That's why instant messaging is so important. The company claims 40 million users on its AOL Instant Messenger (AIM) service and another 38 million on ICQ, which it acquired along with parent company Mirabilis in June 1998. For the moment, AIM and ICQ users can't communicate with each other, a barrier that the company said will be dismantled by the fall.
"I think the big difference here is that AOL offers its product free to the masses already.It would be one thing if they charged, but they don't," said William Gurley, a venture capitalist with Benchmark Capital. "Who is being locked out by their unwillingness to cooperate? Not the customer. Just their competitors."
As America Online attempts to expand to interactive television, handheld devices, cellphones, and pagers--known as its "AOL Anywhere" strategy--its instant messaging service could present phenomenal opportunities. For example, a person watching ER in Los Angeles who wants to discuss the show with a friend in Seattle potentially could send instant messages over a digital TV connection, scene by scene.
However, AOL is hardly alone in recognizing those opportunities. In fact, cable and other high-speed Net access technologies present one of AOL's most difficult roadblocks. The firm is mired in a national fight for access to cable lines owned by AT&T and other operators.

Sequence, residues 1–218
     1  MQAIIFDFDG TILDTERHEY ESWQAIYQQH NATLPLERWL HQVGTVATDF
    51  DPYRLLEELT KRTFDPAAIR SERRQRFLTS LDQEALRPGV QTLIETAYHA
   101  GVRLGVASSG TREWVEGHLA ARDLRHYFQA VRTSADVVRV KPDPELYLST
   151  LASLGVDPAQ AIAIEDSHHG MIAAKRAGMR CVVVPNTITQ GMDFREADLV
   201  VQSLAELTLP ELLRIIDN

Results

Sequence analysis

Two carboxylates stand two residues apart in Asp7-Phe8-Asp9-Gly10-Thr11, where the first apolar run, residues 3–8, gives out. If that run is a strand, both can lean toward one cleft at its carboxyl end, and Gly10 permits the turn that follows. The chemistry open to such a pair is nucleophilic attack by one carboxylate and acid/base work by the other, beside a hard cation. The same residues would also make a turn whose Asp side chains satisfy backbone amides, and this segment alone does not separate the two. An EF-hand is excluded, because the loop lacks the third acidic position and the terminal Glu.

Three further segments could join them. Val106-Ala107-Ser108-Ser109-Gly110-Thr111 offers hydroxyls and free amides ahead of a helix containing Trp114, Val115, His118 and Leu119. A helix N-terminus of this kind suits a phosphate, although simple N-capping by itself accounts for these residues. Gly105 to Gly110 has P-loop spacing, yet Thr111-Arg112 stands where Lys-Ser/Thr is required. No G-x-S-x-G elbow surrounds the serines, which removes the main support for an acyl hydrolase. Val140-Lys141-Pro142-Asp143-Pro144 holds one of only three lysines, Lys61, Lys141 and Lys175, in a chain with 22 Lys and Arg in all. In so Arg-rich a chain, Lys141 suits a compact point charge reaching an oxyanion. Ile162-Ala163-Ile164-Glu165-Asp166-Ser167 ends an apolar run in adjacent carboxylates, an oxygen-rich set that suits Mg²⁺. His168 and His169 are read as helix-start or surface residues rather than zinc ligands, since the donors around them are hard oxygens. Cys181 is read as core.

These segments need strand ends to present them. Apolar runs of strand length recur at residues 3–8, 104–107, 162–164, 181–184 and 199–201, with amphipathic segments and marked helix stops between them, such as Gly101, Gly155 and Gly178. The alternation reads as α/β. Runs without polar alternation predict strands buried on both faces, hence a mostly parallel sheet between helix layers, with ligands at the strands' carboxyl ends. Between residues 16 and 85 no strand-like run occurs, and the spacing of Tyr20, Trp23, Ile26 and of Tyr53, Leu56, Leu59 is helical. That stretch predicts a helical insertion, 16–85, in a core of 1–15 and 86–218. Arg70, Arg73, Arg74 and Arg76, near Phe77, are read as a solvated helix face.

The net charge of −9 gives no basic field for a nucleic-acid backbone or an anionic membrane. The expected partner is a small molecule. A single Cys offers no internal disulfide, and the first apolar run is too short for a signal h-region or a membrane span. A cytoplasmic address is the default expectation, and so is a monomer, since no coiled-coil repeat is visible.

Another obstacle is the PC industry's move toward free Net access provided with new computers, or vice-versa. Either way, the trend is troubling for AOL, which says it has no plans to discount subscriptions to its proprietary service in the near term even though its CompuServe subsidiary is active in this competition.
In the meantime, AOL seems destined to become a living testament to the adage that whatever doesn't kill you, makes you stronger.
"I don't know if this instant message skirmish will end up being the flashpoint for war," Ticketmaster Online-CitySearch chief executive Charles Conn said, "but I do think there will be some substantial conflict over control of the Web very soon."
News.com's Jeff Pelline and Mike Yamamoto contributed to this report.